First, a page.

Saturday, November 28, 2009

Cornish Hens w/ Plum & Leek Stuffing and Braised Parsnips

This was my first experience cooking with cornish hens. I've definitely pined to work with these babies for quite a while. So when I saw this recipe in Food & Wine's November 2009 issue, I knew I had to go for the gold. And gold is what it turned out to be! This was extremely an amazing experience for my mouth.

Adapted from Food & Wine's November 2009 issue

1/4 cup plus 2 tablespoons olive oil
6 oz. sliced pancetta, finely chopped
1 large leek, chopped (light green and white parts only)
2 garlic cloves, minced
1/2 cup chardonnay or dry white wine
1 15 oz. can of plums, drained, pitted, and chopped
2 cups day-old baguette, diced
1/2 tablespoon thyme, chopped
1/2 cup parsley, chopped
salt and pepper to taste
4 cornish hens
6 parsnips, peeled and diced
2 cups chicken stock

Preheat oven to 400 F.

Heat 2 tablespoons of oil in a large skillet. Cook pancetta until crispy, about 6 minutes. Add in leeks and garlic and cook until soft and starting to brown, about 10 minutes.

Add the wine and reduce by about 1/3, about 5 minutes. Add in plums, cover, and cook for about 5 more minutes. Stir it once or twice in between.

Then place mixture in large bowl and let cool to room temperature. Stir in the bread cubes, thyme, and 1/4 cup of parsley. Season with salt and pepper. This will yield way more stuffing than is required for the 4 birds. It was pretty tasty so you could even cook it in a separate pan alongside the birds if you wanted extra stuffing.

Fill the cavities of the hens with the stuffing. Tie the legs together with some kitchen string. Spread the parsnips in an even layer on a large rimmed baking sheet. Use the remaining 1/4 cup of oil to coat the parsnips. Season with salt and pepper. Place hens, breast side up, on top of parsnips, drizzle with a little olive oil and season with salt and pepper. Then turn hens over, breast side down.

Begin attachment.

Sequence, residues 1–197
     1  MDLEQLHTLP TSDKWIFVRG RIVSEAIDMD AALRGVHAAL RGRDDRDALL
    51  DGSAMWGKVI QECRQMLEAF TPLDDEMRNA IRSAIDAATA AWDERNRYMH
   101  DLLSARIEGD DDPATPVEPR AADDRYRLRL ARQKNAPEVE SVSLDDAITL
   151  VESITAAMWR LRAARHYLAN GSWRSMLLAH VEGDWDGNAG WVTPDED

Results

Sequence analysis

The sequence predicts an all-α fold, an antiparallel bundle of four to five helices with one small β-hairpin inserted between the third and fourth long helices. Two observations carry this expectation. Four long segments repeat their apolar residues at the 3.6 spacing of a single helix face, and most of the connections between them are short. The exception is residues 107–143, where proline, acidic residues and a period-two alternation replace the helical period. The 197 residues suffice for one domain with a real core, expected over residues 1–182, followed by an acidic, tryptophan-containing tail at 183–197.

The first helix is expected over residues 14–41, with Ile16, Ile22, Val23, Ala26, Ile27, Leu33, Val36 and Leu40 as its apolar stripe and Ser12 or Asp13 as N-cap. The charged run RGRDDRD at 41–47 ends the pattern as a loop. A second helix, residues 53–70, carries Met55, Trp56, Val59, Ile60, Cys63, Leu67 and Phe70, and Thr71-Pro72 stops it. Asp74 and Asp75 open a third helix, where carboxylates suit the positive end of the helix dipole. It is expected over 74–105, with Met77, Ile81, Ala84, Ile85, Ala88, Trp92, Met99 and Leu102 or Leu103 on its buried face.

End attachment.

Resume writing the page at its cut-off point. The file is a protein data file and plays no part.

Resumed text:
Pour chicken stock into baking sheet. Cover everything with foil and roast in oven for 45 minutes. Be careful, this is kinda heavy, and if you wanted to, you could even split it into 2 baking sheets, but I managed to put all 4 hens and everything in 1.

After the 45 minutes, remove foil, turn over hens (breast side up) and roast for another 30 minutes. The hens will be a nice golden brown to let you know they're done.

Let the hens rest on a work surface for 10 minutes.

Using a slotted spoon, scoop up the parsnips and place them in a platter. Garnish with remaining 1/4 cup of parsley.

Transfer the pan juices from the baking sheet into a small bowl. Skim off any excess fat and season with salt and pepper.

Transfer hens to a plate and serve with parsnips, stuffing, and pan juices. I also made an acorn squash puree that went well with the birds also (roast 2 halves of an acorn squash for 1 hour, scoop out filling, season with parmesan cheese, butter, salt and pepper, and puree with immersion blender, voila... acorn squash puree).

This was an exceptional meal. It was like pre-Thanksgiving. Definitely felt like I had some cooking chops after making this. Enjoy!


  1. This is FANTASTIC. I made a hen a few days back. Wish you had posted this recipe earlier :)

    But no prob...guess will do it soon enough :) BTW I follow your blog and love your simple and mouthwatering posts!

  2. You definitely have to try this! It was great! And thank you so much for the kind words! I'm glad you enjoy the stuff!

  3. wonderful information, I had come to know about your blog from my friend nandu , hyderabad,i have read atleast 7 posts of yours by now, and let me tell you, your website gives the best and the most interesting information. This is just the kind of information that i had been looking for, i'm already your rss reader now and i would regularly watch out for the new posts, once again hats off to you! Thanks a ton once again,
    Regards, cornish hen recipe



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